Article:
Another step to aid us on our path of love without need, is to adopt a daily practice of loving kindness meditation.  A loving kindness meditation can help us to move forward in the path of self-love, and in the process, develop true love for others.  People we never thought we could care about: the person that stole, the former intimate partner, even the step-parent!  In time, this daily meditation of Loving-Kindness shall also help to develop your mindfulness, become more cognizant of the thoughts and feelings you create within yourself.  Following is a link to a wonderful Loving Kindness meditation from Buddhanet.  Please take some time to sit back and enjoy it!

So in summary:
  1. Be more mindful
  2. Complete the core belief exercise.  Bonus if you complete it with your partner!
  3. Follow a daily Loving Kindness meditation
These steps will surely help you enter your relationships with Love, as opposed to filling a Need.

Happy Valentines Day!  Enjoy life and each other!

The Happiest Man in the World

Buddha

Matthieu Ricard isn’t your ordinary person. An ex-geneticist who earned his PhD at the Institut Pasteur in Paris in 1972, he renounced the academic life and spent more than three decades training his mind so that we can better understand how to cultivate happiness.

And the results from the latest study of Ricard’s brain are staggering.

Looking at the intrinsic brain activity while meditating on compassion, scientists at the University of Wisconsin have observed the highest levels of gamma waves ever recorded in the neuroscience literature from Ricard’s brain. The study also looked at brain activity of over 100 advanced meditators, many of whom had more than 50,000 rounds of meditation experience. But none were able to reach the level produced by Ricard.

Gamma waves play a vital role in cognitive functioning. Their propagation through the brain acts as a type of neuronal synchronizer, binding together distributed networks and focusing them towards an object of attention. Scientist have proposed that gamma waves are able to resolve the ‘binding problem’ of neuroscience – how sensory information processed in sensory-specific areas of the brain are unified into a single conscious experience. Their role in consciousness is so critical, that if gamma waves stop emitting from an area of the brain called the thalamus, conscious awareness is lost and the person slips into a deep coma.

For Ricard, this implies that he is able to focus and coordinate the endogenous signals of his brain towards a single concept, percept or conscious experience. Whether concentrating on compassion or happiness, it is hard to imagine that in such a state anything but the object of focus is able to enter Ricard’s awareness.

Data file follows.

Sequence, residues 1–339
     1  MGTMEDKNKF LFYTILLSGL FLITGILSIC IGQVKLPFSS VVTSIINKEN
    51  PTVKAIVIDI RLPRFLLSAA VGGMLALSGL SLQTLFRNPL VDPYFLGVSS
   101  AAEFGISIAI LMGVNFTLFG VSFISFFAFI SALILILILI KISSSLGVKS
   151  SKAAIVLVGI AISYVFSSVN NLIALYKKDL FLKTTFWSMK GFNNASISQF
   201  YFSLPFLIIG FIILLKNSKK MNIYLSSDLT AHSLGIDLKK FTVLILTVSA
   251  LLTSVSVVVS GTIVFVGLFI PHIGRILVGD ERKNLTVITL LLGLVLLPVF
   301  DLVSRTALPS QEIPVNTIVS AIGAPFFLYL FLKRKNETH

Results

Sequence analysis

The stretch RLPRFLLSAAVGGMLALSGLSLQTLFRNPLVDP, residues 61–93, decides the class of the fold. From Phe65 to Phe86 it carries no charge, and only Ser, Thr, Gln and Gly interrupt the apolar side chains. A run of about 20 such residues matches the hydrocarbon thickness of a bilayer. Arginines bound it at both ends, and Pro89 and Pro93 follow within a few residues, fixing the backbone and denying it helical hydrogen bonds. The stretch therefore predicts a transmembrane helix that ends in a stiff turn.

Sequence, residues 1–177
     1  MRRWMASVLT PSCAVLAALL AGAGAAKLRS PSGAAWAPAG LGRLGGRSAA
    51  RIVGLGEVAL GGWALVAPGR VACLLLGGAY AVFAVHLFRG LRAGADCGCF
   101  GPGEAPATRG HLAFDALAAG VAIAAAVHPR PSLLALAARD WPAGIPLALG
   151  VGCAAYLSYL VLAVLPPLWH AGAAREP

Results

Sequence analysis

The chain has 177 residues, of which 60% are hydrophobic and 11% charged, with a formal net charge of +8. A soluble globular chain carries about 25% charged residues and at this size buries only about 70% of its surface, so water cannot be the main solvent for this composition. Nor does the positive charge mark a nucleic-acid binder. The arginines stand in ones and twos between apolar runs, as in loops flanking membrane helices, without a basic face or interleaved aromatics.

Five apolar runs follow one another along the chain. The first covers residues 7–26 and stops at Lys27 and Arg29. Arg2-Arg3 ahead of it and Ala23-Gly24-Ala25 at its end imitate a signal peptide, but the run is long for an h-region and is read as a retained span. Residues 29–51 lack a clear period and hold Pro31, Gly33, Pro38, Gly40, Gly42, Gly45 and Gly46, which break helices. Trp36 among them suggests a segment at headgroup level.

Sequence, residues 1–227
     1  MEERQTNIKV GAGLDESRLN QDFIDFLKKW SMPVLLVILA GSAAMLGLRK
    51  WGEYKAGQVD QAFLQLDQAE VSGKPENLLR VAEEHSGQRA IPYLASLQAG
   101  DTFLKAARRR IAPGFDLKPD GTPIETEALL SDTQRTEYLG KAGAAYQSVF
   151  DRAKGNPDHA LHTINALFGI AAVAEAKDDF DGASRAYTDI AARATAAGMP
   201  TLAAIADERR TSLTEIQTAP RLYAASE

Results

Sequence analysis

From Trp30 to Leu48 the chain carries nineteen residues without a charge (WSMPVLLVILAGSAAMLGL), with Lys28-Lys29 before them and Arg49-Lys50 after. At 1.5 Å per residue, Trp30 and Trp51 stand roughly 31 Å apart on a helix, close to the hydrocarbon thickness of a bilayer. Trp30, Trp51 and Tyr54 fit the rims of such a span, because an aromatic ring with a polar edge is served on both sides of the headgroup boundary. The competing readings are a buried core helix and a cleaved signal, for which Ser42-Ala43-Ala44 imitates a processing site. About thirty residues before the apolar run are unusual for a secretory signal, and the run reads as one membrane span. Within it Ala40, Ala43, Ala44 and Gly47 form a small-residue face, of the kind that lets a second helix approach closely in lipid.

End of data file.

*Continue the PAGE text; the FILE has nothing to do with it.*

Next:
The study also found an extreme asymmetry between brain activity originating from his left prefrontal cortex compared to his right. This asymmetry has been shown to correlate with positive emotions, while it’s counterpart – stronger activity in the right prefrontal cortex – is related to negative emotions. Putting this finding together with the high levels of gamma waves, it suggests that Ricard is able to generate such a focused state of compassion that his brain responds by producing an extreme level of positive emotions.

Despite these results, Ricard says that he is not unique. He teaches that similar levels of compassion can be obtained by anyone willing to take the time and effort. Ricard attributes his incredible abilities to neuroplasticity due to meditation training and is working with scientists around the globe to show how the brain changes its structure and function in response to meditation.

While Ricard’s place as the world’s happiest man is fascinating, the bigger take away from the University of Wisconsin study is that long-term experience with meditation is not necessary to induce neuroplasticity. The scientists found that as little as twenty minutes a day for three weeks can start to reshape the patterns of the brain and increase levels of positive emotions.

The question is – what are you going to do with the next twenty minutes of your day?